Iceland Is a Green, Lean, Film-Making Machine

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This church on the Reykjanes Peninsula was featured in a film by Icelandic director Baltasar Kormákur. Douglas Main

"Life is salted cod."

So goes a favorite old-time saying among denizens of Icelandic fishing villages.

The simplest explanation for this whimsical phrase is that hard work can make the best of any situation. With only 325,000 residents and a land mass of size of Kentucky, it's also indicative of the work ethic that Icelanders have applied to industries, ranging from fish to tourism and in recent years, to movies.

Companies are lured here for a number of reasons, including a generous reimbursement program offered by the government; the beautiful and varied landscape; growing availability of skilled workers; and relatively inexpensive renewable electricity. The final fact is a big draw for companies seeking to reduce their carbon footprint, said Einar Tomasson, Iceland's film commissioner, on a recent tour of filming sites around Iceland's peninsula, which juts into the Atlantic Ocean west of Reykjavik.

"People here are used to doing what needs to be done," Tomasson said. "And you can't beat the scenery," he laughed.

On a short drive you can see the beach that doubled as Iwo Jima in the Oscar-nominated 2006 film Flags of Our Fathers, a church featured in Jar City by Icelandic director Baltasar Kormákur, and the lighthouse seen in Ben Stiller's 2013 The Secret Life of Walter Mitty. Scenes from the movie that appear to take place in Greenland and Afghanistan were also filmed in Iceland, said Tomasson.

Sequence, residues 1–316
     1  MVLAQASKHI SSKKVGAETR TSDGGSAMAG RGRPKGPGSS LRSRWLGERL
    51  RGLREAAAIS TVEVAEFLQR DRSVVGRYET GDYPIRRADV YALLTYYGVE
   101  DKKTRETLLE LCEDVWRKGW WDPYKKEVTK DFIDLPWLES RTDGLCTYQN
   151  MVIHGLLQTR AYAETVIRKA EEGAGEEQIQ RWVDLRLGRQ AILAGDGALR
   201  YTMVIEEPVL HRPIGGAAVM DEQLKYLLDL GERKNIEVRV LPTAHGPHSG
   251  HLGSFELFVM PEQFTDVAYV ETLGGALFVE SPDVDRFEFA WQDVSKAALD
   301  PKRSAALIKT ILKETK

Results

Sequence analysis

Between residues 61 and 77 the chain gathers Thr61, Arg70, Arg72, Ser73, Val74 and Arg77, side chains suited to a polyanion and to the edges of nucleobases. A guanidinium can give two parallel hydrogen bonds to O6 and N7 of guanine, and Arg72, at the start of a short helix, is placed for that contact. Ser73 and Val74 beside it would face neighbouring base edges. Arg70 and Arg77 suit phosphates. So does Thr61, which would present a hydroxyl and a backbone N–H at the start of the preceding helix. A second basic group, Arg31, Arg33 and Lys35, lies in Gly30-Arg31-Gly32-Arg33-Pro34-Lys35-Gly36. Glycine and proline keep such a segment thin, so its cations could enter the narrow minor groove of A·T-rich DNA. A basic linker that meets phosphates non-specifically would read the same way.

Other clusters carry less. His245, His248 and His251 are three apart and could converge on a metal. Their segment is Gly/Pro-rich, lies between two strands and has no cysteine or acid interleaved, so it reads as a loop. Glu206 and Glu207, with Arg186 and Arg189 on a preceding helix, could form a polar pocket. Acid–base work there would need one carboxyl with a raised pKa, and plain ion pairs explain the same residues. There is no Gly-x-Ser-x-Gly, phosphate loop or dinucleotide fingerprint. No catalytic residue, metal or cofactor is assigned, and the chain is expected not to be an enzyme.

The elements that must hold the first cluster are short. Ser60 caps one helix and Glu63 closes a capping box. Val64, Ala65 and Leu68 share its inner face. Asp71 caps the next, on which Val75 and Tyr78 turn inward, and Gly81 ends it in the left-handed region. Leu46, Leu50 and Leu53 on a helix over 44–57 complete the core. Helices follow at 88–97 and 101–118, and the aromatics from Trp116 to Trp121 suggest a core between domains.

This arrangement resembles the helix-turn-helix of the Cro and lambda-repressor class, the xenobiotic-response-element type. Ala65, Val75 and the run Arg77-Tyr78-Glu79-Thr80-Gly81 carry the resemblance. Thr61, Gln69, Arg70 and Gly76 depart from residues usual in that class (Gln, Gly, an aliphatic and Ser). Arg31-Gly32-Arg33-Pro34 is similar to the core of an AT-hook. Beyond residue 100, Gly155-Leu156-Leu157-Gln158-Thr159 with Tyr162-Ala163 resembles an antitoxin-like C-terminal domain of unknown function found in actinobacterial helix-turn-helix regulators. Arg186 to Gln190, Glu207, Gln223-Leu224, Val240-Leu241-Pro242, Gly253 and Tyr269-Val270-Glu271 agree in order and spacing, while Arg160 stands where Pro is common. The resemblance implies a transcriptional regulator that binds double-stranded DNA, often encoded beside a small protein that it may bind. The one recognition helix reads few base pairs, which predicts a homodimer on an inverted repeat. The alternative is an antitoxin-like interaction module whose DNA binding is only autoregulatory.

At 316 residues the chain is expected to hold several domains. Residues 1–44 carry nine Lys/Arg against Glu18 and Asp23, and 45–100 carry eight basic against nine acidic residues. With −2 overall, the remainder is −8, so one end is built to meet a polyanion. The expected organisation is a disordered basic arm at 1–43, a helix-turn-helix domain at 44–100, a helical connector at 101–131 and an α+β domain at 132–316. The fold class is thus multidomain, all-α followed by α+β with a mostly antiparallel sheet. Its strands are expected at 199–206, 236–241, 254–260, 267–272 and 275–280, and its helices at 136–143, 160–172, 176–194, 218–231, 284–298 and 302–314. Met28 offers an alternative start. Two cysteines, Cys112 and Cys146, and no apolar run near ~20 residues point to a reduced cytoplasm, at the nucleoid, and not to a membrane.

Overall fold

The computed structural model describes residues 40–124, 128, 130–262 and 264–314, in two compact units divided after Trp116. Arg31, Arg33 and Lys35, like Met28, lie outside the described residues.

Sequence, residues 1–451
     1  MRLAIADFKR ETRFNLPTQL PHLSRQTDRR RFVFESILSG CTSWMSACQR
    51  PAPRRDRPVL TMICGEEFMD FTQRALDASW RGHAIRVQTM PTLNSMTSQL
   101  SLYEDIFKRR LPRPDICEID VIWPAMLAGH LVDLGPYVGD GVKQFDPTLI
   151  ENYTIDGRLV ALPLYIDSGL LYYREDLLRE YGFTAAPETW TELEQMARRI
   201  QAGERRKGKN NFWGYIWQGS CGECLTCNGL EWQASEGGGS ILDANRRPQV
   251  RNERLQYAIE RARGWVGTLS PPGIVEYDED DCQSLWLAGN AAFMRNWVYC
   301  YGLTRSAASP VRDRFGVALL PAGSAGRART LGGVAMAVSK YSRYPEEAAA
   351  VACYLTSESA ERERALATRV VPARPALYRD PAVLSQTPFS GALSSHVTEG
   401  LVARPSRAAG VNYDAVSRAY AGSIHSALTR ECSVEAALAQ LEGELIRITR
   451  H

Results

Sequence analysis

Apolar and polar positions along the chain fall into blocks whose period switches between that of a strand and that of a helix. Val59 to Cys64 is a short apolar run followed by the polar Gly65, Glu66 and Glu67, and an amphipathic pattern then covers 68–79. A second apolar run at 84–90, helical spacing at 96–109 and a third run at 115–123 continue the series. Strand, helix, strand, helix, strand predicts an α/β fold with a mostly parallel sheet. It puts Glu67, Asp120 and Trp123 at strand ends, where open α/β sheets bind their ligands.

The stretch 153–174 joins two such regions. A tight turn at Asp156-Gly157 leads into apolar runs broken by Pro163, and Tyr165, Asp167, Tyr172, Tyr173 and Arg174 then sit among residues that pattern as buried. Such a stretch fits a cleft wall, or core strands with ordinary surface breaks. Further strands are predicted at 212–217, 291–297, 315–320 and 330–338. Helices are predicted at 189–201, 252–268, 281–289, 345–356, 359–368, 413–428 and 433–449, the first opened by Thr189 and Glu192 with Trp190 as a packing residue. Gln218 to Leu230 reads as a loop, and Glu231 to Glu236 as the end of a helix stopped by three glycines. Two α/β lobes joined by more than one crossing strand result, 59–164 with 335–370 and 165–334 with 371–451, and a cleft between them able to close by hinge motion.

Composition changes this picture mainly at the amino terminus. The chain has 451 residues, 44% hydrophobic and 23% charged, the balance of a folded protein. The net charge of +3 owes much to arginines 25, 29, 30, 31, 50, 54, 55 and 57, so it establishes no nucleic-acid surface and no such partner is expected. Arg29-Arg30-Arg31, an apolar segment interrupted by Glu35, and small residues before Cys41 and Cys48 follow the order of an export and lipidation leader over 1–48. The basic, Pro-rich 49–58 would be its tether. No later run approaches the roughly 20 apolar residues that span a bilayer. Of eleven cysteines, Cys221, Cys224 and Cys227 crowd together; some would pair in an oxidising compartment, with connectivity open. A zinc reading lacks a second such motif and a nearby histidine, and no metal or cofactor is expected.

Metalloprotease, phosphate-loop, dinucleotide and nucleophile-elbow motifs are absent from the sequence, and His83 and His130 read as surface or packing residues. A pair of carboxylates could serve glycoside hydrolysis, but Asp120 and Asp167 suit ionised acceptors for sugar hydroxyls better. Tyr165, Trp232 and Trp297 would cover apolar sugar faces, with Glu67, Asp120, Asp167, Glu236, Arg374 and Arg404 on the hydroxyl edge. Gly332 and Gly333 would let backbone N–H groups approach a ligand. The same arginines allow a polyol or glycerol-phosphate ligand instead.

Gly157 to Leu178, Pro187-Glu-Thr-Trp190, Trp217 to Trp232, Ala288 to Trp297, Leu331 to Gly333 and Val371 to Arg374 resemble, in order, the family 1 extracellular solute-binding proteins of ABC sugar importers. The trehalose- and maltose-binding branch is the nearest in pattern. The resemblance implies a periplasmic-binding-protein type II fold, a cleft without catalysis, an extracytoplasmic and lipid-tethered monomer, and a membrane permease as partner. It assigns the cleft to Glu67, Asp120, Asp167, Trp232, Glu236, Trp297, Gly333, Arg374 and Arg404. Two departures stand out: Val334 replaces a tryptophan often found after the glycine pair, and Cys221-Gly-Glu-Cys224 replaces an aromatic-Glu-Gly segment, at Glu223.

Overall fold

The country has worked hard to attract filmmakers because it brings in business and also promotes tourism; in 2013, nearly 10 percent of tourists said that Iceland's appearance in films was one reason why they came to visit the country, Tomasson said. Iceland reimburses filmmakers for 20 percent of their costs while filming in Iceland and since the success of Flags of Our Fathers in 2006, filmmaking in the country has taken off, according to Tomasson. Big-budget productions that have filmed here include Noah, Oblivion, Star Trek: Into Darkness, the HBO show Game of Thrones and others. A number of car commercials have also taken advantage of the country's rugged landscape, he added.

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A scene from the film "Contraband." RVX

But this island country is also home to a number of companies that make films and excel in special effects and other aspects of post production, like the Reykjavik-based RVX. This shop started in 2012 and staff members have been involved in post-production on such films as Gravity, which won the 2014 Oscar for best visual effects, as well as 2 Guns, Contraband, and the upcoming adventure-thriller Everest.

RVX creative director Dadi Einarsson said that Iceland is a great place to do business because "the layers of bureaucracy are thin" and officials are easily reachable by phone, even the prime minister. Einarsson said he was lured to return to his native land after doing visual effects work in New York, and London, because there a so many skilled workers an a "unique creative energy," it's a relatively cheap place to live and ideal for raising a family.

Iceland's cheap green electricity also make it an ideal spot for housing scores of servers, which are necessary for editing films—and several data centers have popped up here. A company called Verne Global has a large facility here, which boasts customers such as RVX, BMW and others. Another plus: Due to Iceland's low yearly temperatures, Verne Global doesn't have to pay for cooling, which make up 50 percent or more of the costs of data centers in warmer areas, said company CEO Jeff Monroe.

Iceland Is a Green, Lean, Film-Making Machine | Tech & Science